This Cold War-era missile silo is the ultimate fixer-upper

this-cold-war-era-missile-silo-is-the-ultimate-fixer-upper

Want to buy a Cold War-era command center and missile silo? Well, you’re in luck. One in Fairdale, North Dakota, is now available for auction, and it’s got everything … except the ordnance.

Located just south the Canadian border, the site, which was commissioned in the 1970s, was defunded before it was ever put to use, according to property manager David Keller.

“The whole site was commissioned and ready to go … but had already been defunded when it became active,” Keller told Military Times.

The defunct site, one of many built to protect the United States from Soviet attacks over the Arctic, was armed with defensive missiles intended to shoot down any indirect fire.

“This particular site was part of the Sprint Missile Defense System,” Keller said. “This was a defensive system, it was designed to shoot down any incoming missiles.”

Sprint was an ICBM interceptor missile from the 1960s that was considered the final line of defense, a last-ditch option in the event of a Soviet missile-launch.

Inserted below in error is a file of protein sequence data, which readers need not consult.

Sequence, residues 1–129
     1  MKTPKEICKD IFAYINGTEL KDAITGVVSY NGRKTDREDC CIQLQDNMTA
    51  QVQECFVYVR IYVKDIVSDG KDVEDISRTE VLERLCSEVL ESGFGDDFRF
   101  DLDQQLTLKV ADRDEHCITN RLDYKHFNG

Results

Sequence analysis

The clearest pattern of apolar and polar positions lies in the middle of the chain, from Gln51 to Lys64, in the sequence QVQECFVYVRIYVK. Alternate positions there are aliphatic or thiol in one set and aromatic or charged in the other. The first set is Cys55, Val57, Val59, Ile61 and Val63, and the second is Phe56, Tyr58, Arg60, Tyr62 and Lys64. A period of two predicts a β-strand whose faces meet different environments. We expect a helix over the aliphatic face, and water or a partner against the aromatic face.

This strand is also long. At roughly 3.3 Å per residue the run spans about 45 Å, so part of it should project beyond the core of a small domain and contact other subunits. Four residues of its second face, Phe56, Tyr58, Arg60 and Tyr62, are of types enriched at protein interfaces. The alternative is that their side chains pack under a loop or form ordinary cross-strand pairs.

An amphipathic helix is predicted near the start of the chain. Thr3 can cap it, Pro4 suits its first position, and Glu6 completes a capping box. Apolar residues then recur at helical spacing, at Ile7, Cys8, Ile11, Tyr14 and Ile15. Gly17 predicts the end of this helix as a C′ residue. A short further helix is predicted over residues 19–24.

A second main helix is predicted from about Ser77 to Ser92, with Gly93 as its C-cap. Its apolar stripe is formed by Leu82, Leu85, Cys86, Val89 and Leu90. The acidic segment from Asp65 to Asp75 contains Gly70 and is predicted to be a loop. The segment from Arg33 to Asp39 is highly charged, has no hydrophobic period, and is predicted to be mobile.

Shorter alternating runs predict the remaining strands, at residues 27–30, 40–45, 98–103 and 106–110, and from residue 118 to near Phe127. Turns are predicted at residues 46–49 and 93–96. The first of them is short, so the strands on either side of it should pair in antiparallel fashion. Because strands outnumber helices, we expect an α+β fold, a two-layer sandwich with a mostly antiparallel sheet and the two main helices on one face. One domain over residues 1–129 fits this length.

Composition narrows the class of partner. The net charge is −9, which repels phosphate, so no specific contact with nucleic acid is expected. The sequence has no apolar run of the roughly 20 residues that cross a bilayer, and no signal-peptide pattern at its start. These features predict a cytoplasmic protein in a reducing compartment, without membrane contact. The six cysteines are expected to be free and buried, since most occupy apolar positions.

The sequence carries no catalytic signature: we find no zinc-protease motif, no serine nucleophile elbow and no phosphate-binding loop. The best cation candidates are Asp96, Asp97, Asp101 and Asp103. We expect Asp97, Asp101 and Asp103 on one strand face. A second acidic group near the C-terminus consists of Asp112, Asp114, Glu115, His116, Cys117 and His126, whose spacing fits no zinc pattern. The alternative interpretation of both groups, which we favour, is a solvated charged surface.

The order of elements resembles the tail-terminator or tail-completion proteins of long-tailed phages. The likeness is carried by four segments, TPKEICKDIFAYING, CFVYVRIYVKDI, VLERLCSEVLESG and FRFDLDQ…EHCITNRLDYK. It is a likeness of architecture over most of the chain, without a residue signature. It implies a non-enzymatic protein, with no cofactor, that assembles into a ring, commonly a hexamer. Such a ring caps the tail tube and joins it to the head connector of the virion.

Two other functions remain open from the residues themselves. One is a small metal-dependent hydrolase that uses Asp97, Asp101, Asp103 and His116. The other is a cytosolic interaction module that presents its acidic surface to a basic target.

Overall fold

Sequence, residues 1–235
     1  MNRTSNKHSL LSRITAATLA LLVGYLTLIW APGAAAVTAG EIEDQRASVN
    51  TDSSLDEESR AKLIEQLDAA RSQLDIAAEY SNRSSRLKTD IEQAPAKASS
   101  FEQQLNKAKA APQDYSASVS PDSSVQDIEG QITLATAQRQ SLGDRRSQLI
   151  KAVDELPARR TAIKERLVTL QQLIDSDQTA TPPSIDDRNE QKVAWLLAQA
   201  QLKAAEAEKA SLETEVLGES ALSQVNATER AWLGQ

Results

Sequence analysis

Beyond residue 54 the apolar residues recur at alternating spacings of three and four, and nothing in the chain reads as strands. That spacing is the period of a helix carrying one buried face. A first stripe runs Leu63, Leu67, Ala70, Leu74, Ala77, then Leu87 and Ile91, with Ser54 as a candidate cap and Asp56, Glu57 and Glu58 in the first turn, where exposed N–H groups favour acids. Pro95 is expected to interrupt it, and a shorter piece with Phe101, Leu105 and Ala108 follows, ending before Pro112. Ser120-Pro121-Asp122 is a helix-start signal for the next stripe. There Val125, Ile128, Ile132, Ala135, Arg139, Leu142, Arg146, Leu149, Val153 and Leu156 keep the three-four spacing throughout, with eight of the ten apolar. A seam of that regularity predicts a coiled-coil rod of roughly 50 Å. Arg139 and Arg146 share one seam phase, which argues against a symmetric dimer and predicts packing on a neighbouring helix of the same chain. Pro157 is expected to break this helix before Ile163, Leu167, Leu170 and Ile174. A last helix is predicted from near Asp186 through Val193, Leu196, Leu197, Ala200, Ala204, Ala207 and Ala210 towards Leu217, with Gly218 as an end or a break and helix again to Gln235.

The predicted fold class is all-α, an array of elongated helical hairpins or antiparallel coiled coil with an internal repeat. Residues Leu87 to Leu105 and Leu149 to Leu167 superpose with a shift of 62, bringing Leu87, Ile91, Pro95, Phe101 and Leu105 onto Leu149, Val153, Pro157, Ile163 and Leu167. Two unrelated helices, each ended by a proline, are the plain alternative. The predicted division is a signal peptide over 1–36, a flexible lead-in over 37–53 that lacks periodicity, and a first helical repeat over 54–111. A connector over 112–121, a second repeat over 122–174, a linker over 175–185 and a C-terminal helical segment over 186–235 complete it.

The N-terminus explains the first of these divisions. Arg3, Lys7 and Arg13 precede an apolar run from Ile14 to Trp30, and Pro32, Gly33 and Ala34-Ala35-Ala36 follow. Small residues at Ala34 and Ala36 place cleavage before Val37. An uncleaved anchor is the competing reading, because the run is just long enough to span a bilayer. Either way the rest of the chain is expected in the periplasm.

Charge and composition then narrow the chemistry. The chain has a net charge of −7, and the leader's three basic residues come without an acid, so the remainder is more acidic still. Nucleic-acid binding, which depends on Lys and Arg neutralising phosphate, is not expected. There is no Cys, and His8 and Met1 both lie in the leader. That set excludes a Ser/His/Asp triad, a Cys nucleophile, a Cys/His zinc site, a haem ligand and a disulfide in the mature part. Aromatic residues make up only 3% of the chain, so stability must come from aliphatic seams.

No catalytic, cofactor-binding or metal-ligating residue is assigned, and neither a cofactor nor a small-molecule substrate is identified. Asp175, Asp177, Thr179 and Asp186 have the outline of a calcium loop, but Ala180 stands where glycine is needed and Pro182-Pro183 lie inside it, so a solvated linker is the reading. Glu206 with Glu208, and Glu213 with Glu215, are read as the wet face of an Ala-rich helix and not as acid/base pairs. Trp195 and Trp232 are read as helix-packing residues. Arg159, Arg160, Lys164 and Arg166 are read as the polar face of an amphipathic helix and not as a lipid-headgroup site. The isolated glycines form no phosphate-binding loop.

Currently the place is owned by a private buyer who originally intended to refurbish the property and return it to its former glory.

“Leslie Volochenko bought it and had plans to restore it, but it never came to be,” Keller noted.

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Though it shows some signs of wear after essentially sitting untouched since the 1970s, the site and all its components remain entirely in one piece.

A map of the Fairdale site

“They’re intact but they show signs of abandonment,” Keller said. “They’re rusty and in need of repair. There are 14 missile tubes. It’s quite a facility.”

Keller, who said he’s received interest from a variety of parties including military enthusiasts, farmers, and even a historical restoration TV show, joked that the property would make for a great show on couples renovation projects.

“Hi Honey, we bought a bunker. The ultimate fixer-upper,” he laughed.

The auction for this particular plot, which encompasses roughly 50 acres, is set for August 11.

About

Sarah Sicard is the Digital Editor of Military Times. She previously served as Army Times Editor. Other work can be found at National Defense Magazine, Task & Purpose, Defense News, Fast Company, Business Insider and AdWeek.

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